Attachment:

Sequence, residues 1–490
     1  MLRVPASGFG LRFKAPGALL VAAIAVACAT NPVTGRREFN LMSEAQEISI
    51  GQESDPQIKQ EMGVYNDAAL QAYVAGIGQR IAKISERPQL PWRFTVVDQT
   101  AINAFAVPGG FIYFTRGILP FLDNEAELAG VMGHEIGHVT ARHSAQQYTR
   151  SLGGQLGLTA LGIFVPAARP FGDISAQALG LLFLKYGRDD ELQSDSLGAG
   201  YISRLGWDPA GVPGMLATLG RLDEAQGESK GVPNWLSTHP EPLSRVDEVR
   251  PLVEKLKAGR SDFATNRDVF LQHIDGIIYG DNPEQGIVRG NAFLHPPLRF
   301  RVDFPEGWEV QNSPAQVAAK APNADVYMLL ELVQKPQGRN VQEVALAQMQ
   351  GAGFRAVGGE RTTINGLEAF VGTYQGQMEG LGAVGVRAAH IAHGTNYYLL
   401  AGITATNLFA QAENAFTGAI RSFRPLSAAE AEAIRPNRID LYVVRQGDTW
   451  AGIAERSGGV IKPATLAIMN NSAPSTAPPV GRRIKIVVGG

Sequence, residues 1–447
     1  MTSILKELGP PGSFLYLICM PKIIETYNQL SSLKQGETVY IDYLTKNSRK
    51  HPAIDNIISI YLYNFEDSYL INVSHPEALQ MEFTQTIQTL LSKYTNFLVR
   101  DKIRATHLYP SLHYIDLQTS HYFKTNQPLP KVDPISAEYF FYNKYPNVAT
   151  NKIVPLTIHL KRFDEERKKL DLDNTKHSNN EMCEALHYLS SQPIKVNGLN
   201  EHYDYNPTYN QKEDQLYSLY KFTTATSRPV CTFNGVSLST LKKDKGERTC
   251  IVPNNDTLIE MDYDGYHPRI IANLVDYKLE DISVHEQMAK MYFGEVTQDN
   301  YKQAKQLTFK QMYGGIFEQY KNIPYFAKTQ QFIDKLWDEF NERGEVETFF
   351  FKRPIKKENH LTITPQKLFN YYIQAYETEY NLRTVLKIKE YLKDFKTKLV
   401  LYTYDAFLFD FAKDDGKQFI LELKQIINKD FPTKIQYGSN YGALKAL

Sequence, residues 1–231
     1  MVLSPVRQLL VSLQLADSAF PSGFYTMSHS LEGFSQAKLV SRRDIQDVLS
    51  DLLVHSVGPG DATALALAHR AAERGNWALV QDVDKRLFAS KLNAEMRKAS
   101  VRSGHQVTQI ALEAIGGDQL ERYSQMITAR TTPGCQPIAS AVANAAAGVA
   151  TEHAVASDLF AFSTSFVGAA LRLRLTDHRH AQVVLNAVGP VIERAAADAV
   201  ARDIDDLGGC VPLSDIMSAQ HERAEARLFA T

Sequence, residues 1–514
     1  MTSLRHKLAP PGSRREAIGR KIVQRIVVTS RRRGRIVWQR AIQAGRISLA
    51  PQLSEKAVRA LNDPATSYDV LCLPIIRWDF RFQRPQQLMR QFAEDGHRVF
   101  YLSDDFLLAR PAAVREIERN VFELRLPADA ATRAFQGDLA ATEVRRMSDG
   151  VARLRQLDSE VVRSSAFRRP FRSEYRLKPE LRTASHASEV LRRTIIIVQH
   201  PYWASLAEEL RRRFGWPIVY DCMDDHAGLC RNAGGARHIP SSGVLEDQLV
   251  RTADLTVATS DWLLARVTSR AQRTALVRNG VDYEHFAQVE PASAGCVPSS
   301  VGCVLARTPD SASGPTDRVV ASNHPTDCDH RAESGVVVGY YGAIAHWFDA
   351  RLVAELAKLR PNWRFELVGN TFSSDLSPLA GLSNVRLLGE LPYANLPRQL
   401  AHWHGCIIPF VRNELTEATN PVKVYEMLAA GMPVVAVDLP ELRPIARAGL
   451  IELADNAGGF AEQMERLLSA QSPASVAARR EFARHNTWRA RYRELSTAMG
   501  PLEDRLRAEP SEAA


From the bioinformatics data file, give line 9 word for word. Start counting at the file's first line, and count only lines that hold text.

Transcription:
   351  GAGFRAVGGE RTTINGLEAF VGTYQGQMEG LGAVGVRAAH IAHGTNYYLL